When Joe Schmidt announces Ireland's team, he is always accompanied by a senior international.
For England, it was Tadhg Furlong, the 26-year-old Lions Test tight-head in 2017, generally perceived as the best No 3 in the world.
For Italy, it was 28-year-old Conor Murray, the Lions Test scrum-half in 2017, generally perceived as the best in the world, current form notwithstanding.
For Scotland, it was 32-year-old Rob Kearney, Lions Test starter in 2009 and Ireland's first-choice full-back for the last 12 seasons.
For France, it was 29-year-old Peter O'Mahony, Lions captain in the first Test in 2017, generally perceived as Rory Best's second-in-command and Ireland's next captain.
For Wales, it was 22-year-old James Ryan, Ireland's second row of 16 international caps.
It was a statement without words, a quiet and profound indication of how Schmidt views the world-leading lock.
Ryan rarely comes to work without his game face on and it was no different on Thursday.
He is one serious man with a serious attitude to the game he loves, dissects and devours.
It says everything that Schmidt has entrusted the responsibility of calling the lineout to a man who has done it just twice for Leinster.
It is more true of Ireland than any of the other elite international nations that they need to win the gain line to win the game.
In the recent past under Schmidt, they have struggled when they have been matched or bettered in the physicality department.
There was Scotland at Murrayfield in 2017. There was the All Blacks in Dublin in 2016. There was England at the Aviva last month.
This is down to the brutal style of rugby predicated on going through the phases until a weak point can be exposed.
Schmidt pointed to Ryan as an action man, not interested in talking when he is busy doing.
In this championship alone, Ryan has carried the ball 50 times, good enough for the third-highest among all players in the Six Nations.
More significantly, the only men ahead of him are number eights Billy Vunipola (57) and Braam Steyn (53) with not another second row in the top 15.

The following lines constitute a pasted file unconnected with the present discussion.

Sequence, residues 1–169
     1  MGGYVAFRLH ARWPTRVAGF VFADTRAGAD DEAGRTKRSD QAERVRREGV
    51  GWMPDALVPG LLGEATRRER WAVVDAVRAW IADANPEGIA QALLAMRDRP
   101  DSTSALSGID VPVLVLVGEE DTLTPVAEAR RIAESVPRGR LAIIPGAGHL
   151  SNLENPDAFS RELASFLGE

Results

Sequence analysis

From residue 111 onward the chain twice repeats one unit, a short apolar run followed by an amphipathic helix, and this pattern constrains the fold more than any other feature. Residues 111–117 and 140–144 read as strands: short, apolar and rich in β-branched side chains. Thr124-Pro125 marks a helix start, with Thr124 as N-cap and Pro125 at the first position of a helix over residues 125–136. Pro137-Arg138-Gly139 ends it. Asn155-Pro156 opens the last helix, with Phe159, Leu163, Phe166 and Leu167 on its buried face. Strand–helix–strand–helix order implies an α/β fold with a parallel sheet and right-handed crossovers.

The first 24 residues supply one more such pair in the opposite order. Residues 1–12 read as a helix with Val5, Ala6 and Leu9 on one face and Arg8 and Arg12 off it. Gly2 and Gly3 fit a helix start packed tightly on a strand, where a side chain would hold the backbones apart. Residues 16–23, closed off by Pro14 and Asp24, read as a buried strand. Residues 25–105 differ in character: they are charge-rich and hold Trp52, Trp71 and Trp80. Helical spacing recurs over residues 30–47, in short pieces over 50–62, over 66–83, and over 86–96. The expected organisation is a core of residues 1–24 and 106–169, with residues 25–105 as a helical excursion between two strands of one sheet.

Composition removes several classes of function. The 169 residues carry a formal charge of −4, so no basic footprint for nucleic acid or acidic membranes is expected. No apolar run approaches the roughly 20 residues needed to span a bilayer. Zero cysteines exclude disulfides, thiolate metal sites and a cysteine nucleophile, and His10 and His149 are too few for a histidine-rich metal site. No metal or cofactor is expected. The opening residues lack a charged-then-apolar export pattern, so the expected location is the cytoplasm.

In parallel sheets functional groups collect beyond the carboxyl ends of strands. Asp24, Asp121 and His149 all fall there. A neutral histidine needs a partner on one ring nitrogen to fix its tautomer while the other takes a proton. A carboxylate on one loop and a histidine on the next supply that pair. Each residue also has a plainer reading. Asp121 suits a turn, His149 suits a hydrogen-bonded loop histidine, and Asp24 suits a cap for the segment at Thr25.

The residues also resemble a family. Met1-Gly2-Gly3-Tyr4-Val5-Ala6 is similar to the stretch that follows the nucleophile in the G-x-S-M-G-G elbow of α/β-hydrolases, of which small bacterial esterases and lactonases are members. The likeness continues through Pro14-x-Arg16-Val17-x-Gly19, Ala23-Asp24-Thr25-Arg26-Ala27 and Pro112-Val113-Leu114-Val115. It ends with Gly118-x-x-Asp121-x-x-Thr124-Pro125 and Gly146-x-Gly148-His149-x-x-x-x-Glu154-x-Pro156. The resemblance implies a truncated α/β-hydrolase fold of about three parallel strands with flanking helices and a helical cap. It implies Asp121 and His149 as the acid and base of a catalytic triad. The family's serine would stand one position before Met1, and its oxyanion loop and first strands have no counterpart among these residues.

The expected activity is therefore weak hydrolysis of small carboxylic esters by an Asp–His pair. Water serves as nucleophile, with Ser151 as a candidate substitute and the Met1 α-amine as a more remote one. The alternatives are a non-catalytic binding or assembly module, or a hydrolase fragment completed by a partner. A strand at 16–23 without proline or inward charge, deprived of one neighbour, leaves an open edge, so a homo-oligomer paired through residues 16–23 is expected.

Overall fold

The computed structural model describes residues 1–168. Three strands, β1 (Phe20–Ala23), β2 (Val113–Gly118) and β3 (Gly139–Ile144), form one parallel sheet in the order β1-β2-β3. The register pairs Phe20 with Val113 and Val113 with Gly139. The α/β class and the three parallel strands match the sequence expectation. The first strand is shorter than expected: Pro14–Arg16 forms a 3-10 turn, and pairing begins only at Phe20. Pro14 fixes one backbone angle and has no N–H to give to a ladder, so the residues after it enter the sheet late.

Take away the numbers generated by simply taking away the picks from the base of scrums and Ryan would be out in front.
This comes off the back of playing 240 minutes in three of Ireland's four matches.
In addition, Ryan has averaged out 13 tackles per game from his three outings, completing a coveted double-double in all three with double-digit carries and tackles in each.
The only other to stand comparison is CJ Stander (left), topping out at 34 carries and 26 tackles in two games. He was denied a shot at Italy and Scotland due to the broken face suffered early into the England match.
Schmidt alluded to the cumulative impact of Ryan and Stander in taking Ireland beyond the gain line.
The contrast comes from Stander's outgoing personality as a big vocal leader in a forward pack that could do with more of them.
"You know he and James usually are the contenders for the most involved player in any given test match.
"If you add up the number of tackles that they have, the number of ball-carries, the number of clean-outs, the number of particularly physical involvements, those two are always in a little bit of a tight contest."
Ireland will need both of them at their best to best Wales.
Wales: L Williams; G North, J Davies, H Parkes, J Adams; G Anscombe, G Davies; R Evans, K Owens, T Francis, A Beard, AW Jones (capt), J Navidi, J Tipuric, R Moriarty. Reps: E Dee, N Smith, D Lewis, J Ball, A Wainwright; A Davies, D Biggar, O Watkin.
Ireland: R Kearney; K Earls, G Ringrose, B Aki, J Stockdale; J Sexton, C Murray; C Healy, R Best (capt), T Furlong, T Beirne, J Ryan, P O'Mahony, S O'Brien, CJ Stander. Reps: N Scannell, D Kilcoyne, A Porter, Q Roux, J Conan; K Marmion, J Carty, J Larmour.